The Virginia House spent just nine minutes in debate Monday before voting overwhelmingly to give Amazon up to $750 million in subsidies over 15 years for the company’s planned headquarters facility in Arlington.
The House sent the bill to Gov. Ralph Northam (D), who has said he will sign it.
The tally was 83 to 16 in favor of the measure, which the Senate had approved a week earlier on a vote of 35 to 5.
Only two delegates spoke against the package, objecting mainly that the arrival of at least 25,000 new, well-paid Amazon employees in Northern Virginia would drive up housing costs.
Sen. Frank M. Ruff Jr. (R-Mecklenburg), the bill’s sponsor, said it passed so easily largely because the benefits outweighed the cost. Amazon would receive the subsidies only after it creates the new jobs, which are projected to generate several times more in tax revenue than the state is giving to the company.
“I think we did our homework pretty well in the six months prior to the announcement, so we had a package that was not overly extravagant but was very appealing to the company,” said Ruff, who led a bipartisan commission that helped write the package.
Amazon announced in November that Arlington and New York would each get half of the much-publicized “HQ2” project. Amazon CEO Jeffrey P. Bezos owns The Washington Post.
Anti-Amazon activists in Northern Virginia said they would continue to oppose the deal, both when the Arlington County Board votes on local incentives in February or March and in the legislature in future years.
“This is going to be a multiyear fight,” said Danny Cendejas, an organizer with La ColectiVa, part of the For Us, Not Amazon coalition. “We will have time to build up and oppose giving away money to corporations and invest in our communities instead.”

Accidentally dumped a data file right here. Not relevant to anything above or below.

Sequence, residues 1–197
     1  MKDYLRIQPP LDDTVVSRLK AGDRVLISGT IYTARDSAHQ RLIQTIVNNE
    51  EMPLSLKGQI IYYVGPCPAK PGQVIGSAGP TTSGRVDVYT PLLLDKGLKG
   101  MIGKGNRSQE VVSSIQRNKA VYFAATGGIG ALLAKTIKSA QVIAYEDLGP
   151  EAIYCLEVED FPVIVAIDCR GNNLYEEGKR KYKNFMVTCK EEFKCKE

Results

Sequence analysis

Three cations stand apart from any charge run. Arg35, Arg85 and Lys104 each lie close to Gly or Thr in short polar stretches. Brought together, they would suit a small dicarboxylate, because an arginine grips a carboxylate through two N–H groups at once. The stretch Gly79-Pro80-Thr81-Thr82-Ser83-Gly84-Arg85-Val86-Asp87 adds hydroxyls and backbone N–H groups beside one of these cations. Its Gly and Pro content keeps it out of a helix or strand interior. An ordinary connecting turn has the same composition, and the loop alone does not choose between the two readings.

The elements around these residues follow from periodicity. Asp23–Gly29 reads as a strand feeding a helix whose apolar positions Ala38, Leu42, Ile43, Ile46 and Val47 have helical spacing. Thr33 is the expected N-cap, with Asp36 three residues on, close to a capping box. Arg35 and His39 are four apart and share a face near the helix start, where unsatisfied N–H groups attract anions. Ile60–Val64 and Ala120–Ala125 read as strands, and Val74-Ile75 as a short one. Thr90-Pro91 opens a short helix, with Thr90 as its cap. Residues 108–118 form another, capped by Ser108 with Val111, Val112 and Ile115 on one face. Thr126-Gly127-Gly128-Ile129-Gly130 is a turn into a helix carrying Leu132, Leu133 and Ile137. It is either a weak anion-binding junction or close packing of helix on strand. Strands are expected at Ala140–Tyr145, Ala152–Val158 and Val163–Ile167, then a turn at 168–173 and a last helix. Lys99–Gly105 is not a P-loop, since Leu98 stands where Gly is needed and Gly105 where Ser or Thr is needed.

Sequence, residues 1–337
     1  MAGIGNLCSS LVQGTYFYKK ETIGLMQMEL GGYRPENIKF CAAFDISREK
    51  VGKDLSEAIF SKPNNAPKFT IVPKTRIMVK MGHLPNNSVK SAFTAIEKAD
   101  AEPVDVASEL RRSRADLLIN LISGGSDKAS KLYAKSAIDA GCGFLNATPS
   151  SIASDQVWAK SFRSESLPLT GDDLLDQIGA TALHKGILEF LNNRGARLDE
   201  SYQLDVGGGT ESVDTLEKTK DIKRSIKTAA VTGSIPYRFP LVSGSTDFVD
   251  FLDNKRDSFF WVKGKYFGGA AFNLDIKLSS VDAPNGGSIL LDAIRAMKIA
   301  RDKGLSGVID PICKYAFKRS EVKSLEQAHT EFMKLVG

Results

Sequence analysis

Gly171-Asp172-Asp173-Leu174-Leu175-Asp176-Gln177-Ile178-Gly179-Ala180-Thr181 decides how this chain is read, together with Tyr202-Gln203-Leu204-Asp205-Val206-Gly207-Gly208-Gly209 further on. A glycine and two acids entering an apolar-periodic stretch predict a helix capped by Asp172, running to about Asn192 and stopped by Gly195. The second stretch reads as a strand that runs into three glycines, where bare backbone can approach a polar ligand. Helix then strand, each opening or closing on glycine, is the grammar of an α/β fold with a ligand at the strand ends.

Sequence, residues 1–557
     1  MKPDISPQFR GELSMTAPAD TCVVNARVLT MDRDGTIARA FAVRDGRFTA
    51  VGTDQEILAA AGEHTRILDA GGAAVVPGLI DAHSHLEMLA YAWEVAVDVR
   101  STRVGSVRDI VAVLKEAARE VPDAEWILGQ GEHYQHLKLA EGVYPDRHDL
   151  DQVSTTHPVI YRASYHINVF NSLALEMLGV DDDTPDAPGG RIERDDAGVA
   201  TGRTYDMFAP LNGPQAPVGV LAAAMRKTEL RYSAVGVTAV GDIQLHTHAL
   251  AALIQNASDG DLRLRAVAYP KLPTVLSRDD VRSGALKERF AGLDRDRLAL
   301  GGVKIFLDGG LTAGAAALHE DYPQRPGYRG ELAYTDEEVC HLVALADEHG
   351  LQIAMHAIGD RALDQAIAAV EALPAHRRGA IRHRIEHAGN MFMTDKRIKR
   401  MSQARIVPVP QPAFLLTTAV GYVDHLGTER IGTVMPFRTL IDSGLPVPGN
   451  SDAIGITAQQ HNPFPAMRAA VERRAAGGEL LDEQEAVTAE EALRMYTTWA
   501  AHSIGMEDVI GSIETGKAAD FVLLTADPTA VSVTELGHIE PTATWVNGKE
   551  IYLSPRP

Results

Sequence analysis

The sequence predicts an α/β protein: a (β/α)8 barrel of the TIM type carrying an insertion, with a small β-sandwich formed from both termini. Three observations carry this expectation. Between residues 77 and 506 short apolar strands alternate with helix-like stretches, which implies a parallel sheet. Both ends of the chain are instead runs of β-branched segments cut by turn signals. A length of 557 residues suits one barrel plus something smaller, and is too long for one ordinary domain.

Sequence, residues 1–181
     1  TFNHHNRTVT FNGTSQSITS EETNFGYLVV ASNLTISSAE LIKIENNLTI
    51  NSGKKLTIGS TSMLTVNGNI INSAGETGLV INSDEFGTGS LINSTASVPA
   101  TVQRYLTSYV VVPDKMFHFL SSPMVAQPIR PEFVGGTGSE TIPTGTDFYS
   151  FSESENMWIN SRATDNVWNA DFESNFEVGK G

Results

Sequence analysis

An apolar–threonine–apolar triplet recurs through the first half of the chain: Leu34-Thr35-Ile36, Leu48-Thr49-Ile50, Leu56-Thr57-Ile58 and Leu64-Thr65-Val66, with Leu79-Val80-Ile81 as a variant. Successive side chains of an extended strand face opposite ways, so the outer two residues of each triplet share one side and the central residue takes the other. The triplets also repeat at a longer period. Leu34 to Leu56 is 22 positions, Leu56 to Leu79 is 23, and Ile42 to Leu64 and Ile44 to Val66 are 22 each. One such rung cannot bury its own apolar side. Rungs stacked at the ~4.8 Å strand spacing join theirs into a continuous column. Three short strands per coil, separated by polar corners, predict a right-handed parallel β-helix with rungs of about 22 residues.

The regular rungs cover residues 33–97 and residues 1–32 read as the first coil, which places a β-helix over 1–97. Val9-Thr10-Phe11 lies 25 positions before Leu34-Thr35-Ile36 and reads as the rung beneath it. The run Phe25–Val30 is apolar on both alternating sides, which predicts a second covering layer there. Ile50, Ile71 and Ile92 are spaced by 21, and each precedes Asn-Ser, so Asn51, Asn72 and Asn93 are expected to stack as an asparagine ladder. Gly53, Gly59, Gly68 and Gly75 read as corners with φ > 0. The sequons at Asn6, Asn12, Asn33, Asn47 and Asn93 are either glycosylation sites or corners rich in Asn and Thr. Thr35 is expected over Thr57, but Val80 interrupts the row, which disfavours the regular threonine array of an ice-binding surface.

The Virginia bill provides for cash grants to Amazon of $22,000 per new full-time job for the first 25,000 jobs, for a maximum of $550 million. After that, grants of $15,564 per new job would be issued for up to 12,850 additional jobs, for a total of $200 million.
The jobs must pay an average of $150,00 per year.
Del. Alfonso H. Lopez (D), whose Arlington district is close to the Amazon site, voted against the package.
“Folks are worried that they and the other low-income families are going to be priced out of the area’s homeowning and rental markets,” Lopez said. “I’m concerned about the impact on my community and our residents now, not on the benefits that we might see in five, seven and 10 years.”
Del. Lee J. Carter (D-Manassas) also voted against the bill.
In Arlington, county board members appear to favor approval of local incentives but are also open to considering proposals for worker protections and a community benefits package from Amazon.
The board’s Facebook Live events, as well as a handful of community meetings, have attracted a small but passionate number of opponents who question why the county and state should subsidize a wealthy corporation. They also want the county to object to Amazon’s contracts with federal immigration authorities.
Patricia Sullivan contributed to this report.